On the ICOYC cruise, the most remarkable club facilities were the amazing outstations. I am not aware of any Australian yacht club having a camping-gathering facility in another nearby waterway. The outstations we visited belonged to either the Royal Vancouver and Seattle Yacht Clubs. They were an incredible resource to the flotilla cruise. Here is a photo of Alexandra Island, a small island, 18 nautical miles NNW of the Royal Vancouver home port of Jericho, with very little infrastructure but 1200 feet of dock space. There are walking trails, a open air pavilion and picnic tables.
On the eastern shore there is a drying reef, with logs laid up against the reef, so no one would sail into it. When you are on the top of the island looking down, the eastern shore is on your right and the dock space is on your left. The tiny bay looks much like a letter U.
When we arrived people told us to hurry, Orcas were swimming on the far Eastern shore. We jumped off the boat and could see Orca’s in the distance. Then we heard about the afternoon’s events.
This blog is reporting an amalgamation of eye witness accounts, including one mention of “Never in my 35 years of visiting Alexandra Island, have I ever witnessed Orcas or seals at Alexandra Island. To say that everyone who saw the sight was stunned by what transpired.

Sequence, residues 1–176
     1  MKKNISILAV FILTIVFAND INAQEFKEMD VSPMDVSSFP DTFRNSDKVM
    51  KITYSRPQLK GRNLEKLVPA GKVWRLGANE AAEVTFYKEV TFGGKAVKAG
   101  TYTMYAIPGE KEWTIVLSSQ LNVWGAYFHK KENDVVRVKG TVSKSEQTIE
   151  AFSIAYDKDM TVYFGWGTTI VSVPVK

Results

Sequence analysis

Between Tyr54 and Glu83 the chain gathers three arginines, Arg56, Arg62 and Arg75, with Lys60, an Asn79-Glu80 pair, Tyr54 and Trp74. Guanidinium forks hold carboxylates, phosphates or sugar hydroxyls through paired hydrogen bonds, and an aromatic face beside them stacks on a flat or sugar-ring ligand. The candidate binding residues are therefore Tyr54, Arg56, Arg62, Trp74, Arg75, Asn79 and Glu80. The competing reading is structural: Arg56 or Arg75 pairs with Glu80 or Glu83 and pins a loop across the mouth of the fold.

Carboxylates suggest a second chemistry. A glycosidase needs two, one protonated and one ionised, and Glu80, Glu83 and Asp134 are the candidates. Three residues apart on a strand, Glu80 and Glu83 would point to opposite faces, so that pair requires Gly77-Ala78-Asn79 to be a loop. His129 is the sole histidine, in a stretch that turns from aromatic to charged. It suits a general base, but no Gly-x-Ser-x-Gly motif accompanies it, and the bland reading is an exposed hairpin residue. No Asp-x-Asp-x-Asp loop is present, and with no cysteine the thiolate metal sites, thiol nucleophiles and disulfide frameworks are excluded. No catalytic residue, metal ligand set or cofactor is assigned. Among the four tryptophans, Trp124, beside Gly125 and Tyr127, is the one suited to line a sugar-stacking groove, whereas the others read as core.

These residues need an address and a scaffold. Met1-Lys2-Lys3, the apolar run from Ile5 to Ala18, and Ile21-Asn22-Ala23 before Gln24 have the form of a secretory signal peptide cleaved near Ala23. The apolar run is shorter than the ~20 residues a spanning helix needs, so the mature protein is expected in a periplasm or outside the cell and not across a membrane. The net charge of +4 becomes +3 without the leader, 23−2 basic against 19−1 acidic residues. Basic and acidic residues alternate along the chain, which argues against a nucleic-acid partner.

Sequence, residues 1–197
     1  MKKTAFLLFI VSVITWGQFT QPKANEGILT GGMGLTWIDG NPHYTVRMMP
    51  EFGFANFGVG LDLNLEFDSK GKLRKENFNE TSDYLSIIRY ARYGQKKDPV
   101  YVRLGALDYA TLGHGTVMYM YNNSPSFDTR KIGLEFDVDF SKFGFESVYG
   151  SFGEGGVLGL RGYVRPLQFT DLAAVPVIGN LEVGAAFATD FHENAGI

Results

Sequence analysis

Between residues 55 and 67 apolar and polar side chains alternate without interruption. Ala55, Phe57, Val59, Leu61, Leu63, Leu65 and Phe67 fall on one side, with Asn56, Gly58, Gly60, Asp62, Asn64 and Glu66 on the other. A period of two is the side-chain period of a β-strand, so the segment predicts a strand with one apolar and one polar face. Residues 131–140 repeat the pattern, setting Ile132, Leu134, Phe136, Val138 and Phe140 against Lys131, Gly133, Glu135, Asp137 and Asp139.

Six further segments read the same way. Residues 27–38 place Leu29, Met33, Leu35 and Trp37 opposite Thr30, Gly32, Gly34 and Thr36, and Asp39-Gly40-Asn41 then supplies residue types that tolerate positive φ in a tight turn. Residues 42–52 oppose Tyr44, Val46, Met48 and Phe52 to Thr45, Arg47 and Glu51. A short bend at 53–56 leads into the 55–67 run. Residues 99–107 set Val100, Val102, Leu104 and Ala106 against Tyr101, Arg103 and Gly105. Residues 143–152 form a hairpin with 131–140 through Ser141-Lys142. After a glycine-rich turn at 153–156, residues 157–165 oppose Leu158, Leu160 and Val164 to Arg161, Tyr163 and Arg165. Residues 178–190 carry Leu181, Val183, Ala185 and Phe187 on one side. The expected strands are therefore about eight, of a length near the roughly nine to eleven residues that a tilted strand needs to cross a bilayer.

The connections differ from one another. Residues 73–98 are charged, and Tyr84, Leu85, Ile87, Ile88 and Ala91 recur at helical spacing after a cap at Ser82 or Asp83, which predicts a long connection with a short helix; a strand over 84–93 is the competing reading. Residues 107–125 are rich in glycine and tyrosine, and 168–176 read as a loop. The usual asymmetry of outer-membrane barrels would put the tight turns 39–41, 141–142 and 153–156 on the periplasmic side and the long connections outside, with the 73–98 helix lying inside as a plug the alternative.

The photos were taken by another flotilla member, Jan Horhammer. Jan was gracious enough to allow me to use his photos to give you an idea of what occurred.
When some of the early yachts arrived, there were a number of seals sunning themselves on the logs. The seals were far enough away from the dock to be unconcerned by the yachts and a few people swimming off the dock*.
Suddenly a large Orca swam near the dock, before ramming the inside of the logs, which saw several of the seals dive off out of reach. They seemed to think they had escaped the Orca. What they didn’t know was the rest of the family were just around the corner.
We did see a seal in the shallows but there was no evidence of the carnage that had taken place. The Orcas were just out for a bite of lunch.
* A recent article mentioned transient Orca pods are more likely to be looking for seals. Orca populations from the BC-Seattle area feed on Chinook salmon.